(Note: This program first aired back in February.) On this edition of ST Medical Monday, we chat with Dr. Ronald Epstein about his book, "Attending: Medicine, Mindfulness, and Humanity." As was noted of this reflective and quite timely medical memoir by Kirkus Reviews: "Can the encounter between doctor and patient be improved? A renowned family physician thinks so, and he explains how in this compendium of a lifetime of experience.

On this installment of ST, we welcome Brett McKay, a native Tulsan whose "Art of Manliness" blog gets about 10 million visitors each month.

(Note: This program first aired back in January.) On this edition of ST Medical Monday, our guest is Dr. Rachel Carlton Abrams, who has been a board member of the American Holistic Medical Association since 2013. Dr.

This edition of StudioTulsa Medical Monday is a replay from early February. At that time, we spoke with Dr. Danielle Ofri, an associate professor of medicine at the New York University School of Medicine who has cared for patients at Bellevue Hospital for more than two decades. She told us about her book, "What Patients Say, What Doctors Hear." As was noted of this book by Kirkus Reviews, it shows us "why communication between doctor and patient is the most critical element of medical care....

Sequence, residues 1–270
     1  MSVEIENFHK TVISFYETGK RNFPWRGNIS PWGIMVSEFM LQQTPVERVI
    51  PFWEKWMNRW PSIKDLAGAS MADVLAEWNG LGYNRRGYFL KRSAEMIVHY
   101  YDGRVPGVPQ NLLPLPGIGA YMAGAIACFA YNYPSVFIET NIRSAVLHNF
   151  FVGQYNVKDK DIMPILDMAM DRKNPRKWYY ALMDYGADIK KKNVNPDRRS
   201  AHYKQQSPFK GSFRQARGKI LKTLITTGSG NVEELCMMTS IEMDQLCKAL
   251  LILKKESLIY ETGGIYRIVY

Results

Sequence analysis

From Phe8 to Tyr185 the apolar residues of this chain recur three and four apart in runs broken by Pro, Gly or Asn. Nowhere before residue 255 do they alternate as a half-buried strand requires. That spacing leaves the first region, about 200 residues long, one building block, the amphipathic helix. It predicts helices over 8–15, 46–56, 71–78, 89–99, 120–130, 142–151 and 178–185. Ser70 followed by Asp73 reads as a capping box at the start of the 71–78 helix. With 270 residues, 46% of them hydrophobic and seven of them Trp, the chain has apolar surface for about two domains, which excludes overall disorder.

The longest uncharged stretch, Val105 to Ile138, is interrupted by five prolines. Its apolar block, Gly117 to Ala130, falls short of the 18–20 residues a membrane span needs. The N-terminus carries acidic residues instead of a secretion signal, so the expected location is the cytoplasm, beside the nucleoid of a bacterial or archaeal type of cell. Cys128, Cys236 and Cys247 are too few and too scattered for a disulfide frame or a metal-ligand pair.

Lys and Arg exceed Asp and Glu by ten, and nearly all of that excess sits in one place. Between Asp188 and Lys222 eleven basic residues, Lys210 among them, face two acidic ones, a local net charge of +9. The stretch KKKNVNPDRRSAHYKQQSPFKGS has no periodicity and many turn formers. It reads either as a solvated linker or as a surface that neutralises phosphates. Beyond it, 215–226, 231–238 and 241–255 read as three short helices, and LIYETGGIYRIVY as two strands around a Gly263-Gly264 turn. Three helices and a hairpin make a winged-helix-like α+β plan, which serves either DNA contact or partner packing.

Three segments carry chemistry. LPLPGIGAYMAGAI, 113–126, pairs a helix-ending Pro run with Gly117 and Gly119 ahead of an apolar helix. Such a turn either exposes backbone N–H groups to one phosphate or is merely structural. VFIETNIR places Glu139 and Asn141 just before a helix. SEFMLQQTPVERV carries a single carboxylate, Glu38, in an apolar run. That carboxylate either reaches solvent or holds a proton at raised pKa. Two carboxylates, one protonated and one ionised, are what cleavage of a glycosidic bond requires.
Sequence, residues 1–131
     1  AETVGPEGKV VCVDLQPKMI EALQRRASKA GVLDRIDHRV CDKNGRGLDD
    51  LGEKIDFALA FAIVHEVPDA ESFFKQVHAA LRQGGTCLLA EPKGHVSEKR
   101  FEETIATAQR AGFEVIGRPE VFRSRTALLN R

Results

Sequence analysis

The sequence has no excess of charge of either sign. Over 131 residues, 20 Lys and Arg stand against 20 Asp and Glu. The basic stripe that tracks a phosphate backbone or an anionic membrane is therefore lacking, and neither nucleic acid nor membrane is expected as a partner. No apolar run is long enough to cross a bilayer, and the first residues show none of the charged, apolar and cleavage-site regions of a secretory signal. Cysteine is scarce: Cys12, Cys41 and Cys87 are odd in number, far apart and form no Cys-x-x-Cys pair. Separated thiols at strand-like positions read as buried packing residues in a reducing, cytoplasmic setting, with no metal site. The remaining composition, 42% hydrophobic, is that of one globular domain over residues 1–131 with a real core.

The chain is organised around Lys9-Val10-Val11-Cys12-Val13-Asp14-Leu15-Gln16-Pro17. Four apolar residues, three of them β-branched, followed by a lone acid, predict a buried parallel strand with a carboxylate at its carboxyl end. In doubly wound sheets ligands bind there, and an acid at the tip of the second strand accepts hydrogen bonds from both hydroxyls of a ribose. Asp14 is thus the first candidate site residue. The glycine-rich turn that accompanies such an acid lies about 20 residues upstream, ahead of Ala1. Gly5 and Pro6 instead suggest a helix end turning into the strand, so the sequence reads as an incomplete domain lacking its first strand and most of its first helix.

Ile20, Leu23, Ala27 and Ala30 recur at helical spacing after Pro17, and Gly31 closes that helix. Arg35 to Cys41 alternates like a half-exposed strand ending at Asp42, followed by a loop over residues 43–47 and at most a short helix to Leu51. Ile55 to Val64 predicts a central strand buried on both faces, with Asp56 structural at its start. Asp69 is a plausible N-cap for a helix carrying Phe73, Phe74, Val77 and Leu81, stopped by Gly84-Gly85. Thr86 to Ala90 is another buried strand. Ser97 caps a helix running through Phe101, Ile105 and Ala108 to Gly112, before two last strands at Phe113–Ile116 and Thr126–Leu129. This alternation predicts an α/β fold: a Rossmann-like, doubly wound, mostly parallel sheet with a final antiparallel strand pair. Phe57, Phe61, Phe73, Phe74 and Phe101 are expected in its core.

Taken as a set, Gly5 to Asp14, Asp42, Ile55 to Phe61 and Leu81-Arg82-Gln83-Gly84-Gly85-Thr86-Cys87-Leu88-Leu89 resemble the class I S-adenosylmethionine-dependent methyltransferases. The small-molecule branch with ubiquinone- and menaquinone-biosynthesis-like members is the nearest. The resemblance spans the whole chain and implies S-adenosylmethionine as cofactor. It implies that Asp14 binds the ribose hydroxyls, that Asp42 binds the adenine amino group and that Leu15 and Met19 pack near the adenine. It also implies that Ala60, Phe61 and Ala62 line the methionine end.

On this edition of StudioTulsa, we learn about the Oklahoma Bike Summit 2017, which will happen later this week (the 19th and 20th) in Muskogee and Tahlequah -- and which will, per its website, focus "on attaining physical and mental well-being through bicycling. It will address bicycling for individuals with disabilities, as spiritual and emotional healing process, and to improve the health of a whole community." Our guest is Jayme Brown, who will give an address entitled "Ride to Recovery: Cycling as Rehabilitation" at this summit.

On this edition of our program, we learn about the Oklahoma Healthy Aging Initiative, or OHAI, which was, per its website, "established in 2012 by a grant from the Donald W. Reynolds Foundation. OHAI understands that good health is key to successful aging. We focus in improving the health of older adults across the state through caregiver-training and health-promotion education. We also partner with health systems to establish senior health clinics to increase access to geriatric health care.